Devin Heroux: In this third end, it was all about placement of stones and getting the proper angles. Edin changed the end around by making a double and rolling perfectly. This is how precise the game has become. But a slight error by Edin on his last rock allowed Shuster a tough double takeout and he threw his rock perfectly to score two.

Sweden likes low-scoring battles. They wait for their opponents to crack. The USA has hung tough with teams throughout this Olympic competition. We’ll see how Shuster and his team handles the added pressure of this game, though. Sweden is the top-ranked team in the world right now. USA has the ability to play a simple style of curling but can also complicate the game and draw opponents into making mistakes. Many curlers in the game say Shuster has the ability to single-handedly win a curling game because of his shotmaking brilliance. He’ll need to do that today to propel the Americans to their first gold at the Olympics.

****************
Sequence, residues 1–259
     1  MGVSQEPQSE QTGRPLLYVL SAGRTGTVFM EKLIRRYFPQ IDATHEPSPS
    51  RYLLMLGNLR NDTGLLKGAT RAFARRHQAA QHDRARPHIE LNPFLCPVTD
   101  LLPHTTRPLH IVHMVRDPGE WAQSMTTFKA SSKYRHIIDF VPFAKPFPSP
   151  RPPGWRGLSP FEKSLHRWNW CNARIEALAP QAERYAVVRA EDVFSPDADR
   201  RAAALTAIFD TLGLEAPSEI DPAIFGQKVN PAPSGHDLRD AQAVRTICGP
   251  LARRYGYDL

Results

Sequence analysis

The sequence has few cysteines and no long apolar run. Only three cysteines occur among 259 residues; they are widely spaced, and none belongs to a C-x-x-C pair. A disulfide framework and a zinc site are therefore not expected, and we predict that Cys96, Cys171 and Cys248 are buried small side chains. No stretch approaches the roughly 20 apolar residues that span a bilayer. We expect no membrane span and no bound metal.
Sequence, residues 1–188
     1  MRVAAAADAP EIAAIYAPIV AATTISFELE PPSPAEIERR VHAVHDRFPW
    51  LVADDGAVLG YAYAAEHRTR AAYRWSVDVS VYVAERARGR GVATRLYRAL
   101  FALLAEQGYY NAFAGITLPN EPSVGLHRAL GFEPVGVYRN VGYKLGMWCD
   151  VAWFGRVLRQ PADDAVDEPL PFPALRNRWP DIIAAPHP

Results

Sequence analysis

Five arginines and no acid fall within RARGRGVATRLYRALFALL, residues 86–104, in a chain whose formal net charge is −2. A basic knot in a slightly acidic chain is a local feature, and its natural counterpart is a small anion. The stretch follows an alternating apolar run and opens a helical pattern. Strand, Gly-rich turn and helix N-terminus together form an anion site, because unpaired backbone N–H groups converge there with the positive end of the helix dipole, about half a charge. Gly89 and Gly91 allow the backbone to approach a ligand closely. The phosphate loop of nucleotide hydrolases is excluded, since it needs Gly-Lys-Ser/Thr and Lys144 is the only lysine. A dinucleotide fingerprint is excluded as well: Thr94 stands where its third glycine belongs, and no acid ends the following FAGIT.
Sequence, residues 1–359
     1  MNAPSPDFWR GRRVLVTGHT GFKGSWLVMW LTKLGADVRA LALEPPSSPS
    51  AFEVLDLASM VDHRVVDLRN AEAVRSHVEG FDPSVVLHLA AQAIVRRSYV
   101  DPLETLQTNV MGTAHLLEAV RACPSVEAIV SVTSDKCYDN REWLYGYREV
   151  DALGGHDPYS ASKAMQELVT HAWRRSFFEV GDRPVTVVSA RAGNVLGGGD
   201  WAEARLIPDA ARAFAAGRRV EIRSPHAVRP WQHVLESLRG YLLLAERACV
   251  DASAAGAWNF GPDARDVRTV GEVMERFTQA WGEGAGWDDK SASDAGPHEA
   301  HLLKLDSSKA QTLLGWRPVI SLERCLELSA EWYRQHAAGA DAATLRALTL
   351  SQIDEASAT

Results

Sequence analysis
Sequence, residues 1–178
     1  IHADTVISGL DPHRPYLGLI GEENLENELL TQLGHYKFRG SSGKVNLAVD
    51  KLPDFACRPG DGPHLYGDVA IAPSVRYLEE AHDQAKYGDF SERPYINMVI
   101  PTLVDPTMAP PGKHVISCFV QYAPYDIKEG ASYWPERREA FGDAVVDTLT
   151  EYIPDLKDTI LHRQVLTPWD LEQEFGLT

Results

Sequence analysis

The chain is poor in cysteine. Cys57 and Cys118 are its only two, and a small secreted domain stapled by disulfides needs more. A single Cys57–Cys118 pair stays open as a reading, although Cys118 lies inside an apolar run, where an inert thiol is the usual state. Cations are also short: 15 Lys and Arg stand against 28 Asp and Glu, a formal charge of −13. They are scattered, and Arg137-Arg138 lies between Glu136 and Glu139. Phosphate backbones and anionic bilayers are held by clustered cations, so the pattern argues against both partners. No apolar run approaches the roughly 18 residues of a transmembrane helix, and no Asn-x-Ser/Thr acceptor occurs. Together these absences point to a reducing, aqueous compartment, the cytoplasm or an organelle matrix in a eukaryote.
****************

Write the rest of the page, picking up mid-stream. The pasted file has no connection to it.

4th End: Americans Steal a Point

“Yep! Yep! Whoa! Whoa!” This is the soundtrack being provided at the moment by the Americans, who are putting all sorts of pressure on the Swedes. After a measurement, the United States stole a point (Sweden had the hammer) to take their first lead of the match. This is heady stuff for John Shuster and his teammates. It sounds as if all of Duluth is here at Gangneung Curling Centre, and these people are screaming.

The measurement stick is a tool that’s used when it’s impossible to tell with the naked eye which rock is closest to the button.

Devin Heroux: It was textbook American curling in the 4th end. Shuster and his team love to complicate the game and force their opponents into making mistakes. And that’s exactly what happened. Edin had a bad miss with his first. Shuster applied more pressure and on Edin’s last throw he was a little heavy and wide giving up a steal to the Americans.